Paul Krugman, New York Times columnist, Nobel Prize winner, and Keynesian economist extraordinaire is about to have his new book, titled End this Depression Now, released. In it, the Duke of Deficit Spending argues that a speedy, robust recovery from the Great Recession which started in 2008 is just a quick policy decision away. If only our leaders can muster the “intellectual clarity and political will” needed to raise federal spending further, Americans will begin consuming again, businesses hiring, and the current depression will be over in a flash. Once again Krugman is being true to his economic philosophy: increasing aggregate demand through loose fiscal and monetary policy is a cure-all for what’s ailing the economy. Let it be said that there is not a more consistent deflationist in all of the economic profession than Paul Krugman .
Now, why anybody would still listen to Krugman is a mystery to me. After all, he entirely missed calling the financial crisis of 2008, while Austrian economists were spot on with their prognostications. I suppose most laymen don’t know the difference and most economists and academics are as Milton Friedman proclaimed so long ago, “All Keynesians now.” Thus ignorance of, and loyalty to, a failed philosophy are powerful forces to make people do irrational things.
In the first place, Krugman shows his ignorance with the title of his book, End this Depression Now. The statistics indicate that we are not currently in a depression. Secondly, current numbers indicate that the deflationary spiral that Krugman has been predicting and fears the most is not happening. On the contrary, while he continues to fret over falling prices leading to a double-dip recession, long-term trends point strongly toward oncoming double digit price inflation.
What it all boils down to is that Krugman and other Keynesian economists are about to miss the next economic crisis. Austrians have been arguing all along that we can’t solve our economic problems by doing the same things that got us into the mess in the first place. Deficit spending and a ridiculously loose monetary policy will not cleanse the market of all the mal-investments made during the preceding artificial boom (housing bubble). They will only put us deeper into trouble. What is needed is a drastic cut in government spending, a cut in taxes, and the setting of interest rates by the market, not the monetary oligarchs at the Federal Reserve.
So because policy makers in Washington listened to Krugman and his ilk over the voices of reason, we are about to enter the next cycle of boom and bust. It will consist of phony growth, rising prices, and rising interest rates, which will ultimately pop the bubble and send the economy into another tailspin. The proof is in current trends.
In spite of Krugman’s ill-timed book, we are not in the middle of a depression. Consumer spending is way up. In the fourth quarter of last year balances on credit cards rose 9.27 percent. In February, retail sales in the U.S. improved in 11 of 13 industry categories and marked the biggest gain in five months, according to Commerce Department figures.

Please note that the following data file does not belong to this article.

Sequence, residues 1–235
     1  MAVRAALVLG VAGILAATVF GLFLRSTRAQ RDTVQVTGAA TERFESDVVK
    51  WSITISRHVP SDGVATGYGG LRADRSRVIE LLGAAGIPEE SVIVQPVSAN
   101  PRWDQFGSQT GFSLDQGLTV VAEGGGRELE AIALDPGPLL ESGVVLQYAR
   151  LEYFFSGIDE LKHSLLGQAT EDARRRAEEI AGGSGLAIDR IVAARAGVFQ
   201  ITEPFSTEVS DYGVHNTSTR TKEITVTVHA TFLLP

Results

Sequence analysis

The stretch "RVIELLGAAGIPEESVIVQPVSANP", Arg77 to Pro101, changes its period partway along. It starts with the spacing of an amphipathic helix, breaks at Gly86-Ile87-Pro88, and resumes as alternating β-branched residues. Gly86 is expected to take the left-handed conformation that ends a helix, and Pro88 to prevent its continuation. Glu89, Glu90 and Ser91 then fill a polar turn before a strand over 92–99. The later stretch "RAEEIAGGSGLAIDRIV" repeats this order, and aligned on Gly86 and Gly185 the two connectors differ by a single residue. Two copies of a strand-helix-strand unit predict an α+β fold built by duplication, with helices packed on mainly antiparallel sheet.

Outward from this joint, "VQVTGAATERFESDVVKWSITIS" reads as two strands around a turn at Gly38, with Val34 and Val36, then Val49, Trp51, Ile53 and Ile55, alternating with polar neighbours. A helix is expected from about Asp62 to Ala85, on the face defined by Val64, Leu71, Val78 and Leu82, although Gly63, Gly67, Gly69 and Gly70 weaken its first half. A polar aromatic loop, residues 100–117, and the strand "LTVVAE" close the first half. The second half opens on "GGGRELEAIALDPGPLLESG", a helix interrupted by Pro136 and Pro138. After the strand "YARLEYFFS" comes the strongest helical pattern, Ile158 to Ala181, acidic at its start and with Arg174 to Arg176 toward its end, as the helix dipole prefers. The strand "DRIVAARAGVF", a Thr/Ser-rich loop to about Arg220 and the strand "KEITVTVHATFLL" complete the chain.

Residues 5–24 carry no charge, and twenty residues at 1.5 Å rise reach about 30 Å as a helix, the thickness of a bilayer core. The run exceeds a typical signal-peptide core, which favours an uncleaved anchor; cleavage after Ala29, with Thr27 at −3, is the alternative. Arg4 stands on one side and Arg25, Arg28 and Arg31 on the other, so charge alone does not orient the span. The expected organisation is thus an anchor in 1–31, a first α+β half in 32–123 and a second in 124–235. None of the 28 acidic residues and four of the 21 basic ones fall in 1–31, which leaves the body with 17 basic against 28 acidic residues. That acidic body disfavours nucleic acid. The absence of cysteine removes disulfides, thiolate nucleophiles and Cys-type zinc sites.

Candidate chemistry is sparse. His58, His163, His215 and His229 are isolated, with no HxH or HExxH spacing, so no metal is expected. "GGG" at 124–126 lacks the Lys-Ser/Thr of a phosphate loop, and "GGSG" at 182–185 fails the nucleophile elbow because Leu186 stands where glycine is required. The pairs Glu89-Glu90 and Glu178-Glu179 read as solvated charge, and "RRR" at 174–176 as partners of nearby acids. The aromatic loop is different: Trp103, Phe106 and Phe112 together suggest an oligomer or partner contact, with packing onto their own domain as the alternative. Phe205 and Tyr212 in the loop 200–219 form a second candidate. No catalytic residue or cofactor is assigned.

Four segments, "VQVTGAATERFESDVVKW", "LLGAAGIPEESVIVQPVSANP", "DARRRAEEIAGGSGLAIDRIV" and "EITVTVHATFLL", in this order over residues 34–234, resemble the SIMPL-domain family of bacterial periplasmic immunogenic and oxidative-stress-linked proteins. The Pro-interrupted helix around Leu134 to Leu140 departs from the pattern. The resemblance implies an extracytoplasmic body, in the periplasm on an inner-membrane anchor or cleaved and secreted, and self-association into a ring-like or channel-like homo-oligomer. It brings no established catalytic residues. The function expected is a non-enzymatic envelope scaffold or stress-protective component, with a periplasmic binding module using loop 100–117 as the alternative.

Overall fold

Then there is job growth. 400,000 private sector jobs have been created just in the first two months of this year. More workers mean more spenders and more spenders mean more jobs, right?
Oh, and let’s not forget how well the financial markets are doing. The Dow is up 7 percent YTD, the S&P 500 is up 11 percent YTD, the Homebuilders Index is up 23 percent YTD, and the S&P Financials are up 21 percent YTD. These are not numbers indicative of a depression.
But, all of this good news is coming at a cost, literally. We are approaching the place this commentator wrote about on October 16, 2009. Bernanke and the Federal Open Market Committee are going to have a big decision to make in the near future: raise rates and burst the Fed-induced bubble or leave rates low and watch prices skyrocket.
Price inflation is already heating up. It was only a matter of time before all the stimulus, low interest rates, and money printing kicked in to produce higher prices. The money supply has increased by 14.6 percent year over year ending in February. That makes 39 consecutive months of double digit year over year rates of monetary inflation.
The result has been higher gasoline and food prices. College and healthcare costs continue to rise. And for the fourth straight month, the Manufacturing ISM Report On Business® (5) shows the number of industries experiencing higher raw material costs on the rise and the number of industries experiencing lower raw material costs on the decline. It will be just a matter of time before those higher raw material costs find their way into higher prices on merchant shelves.
So while Krugman and other Keynesians clamor for more federal spending and easy money to produce a speedy, robust recovery from the Great Recession, they are missing that the next boom and bust cycle has already begun. But, that’s okay because Austrians have been predicting it for some time.
In the words of Yogi Berra, “It’s déjà vu all over again”.Powered by Sidelines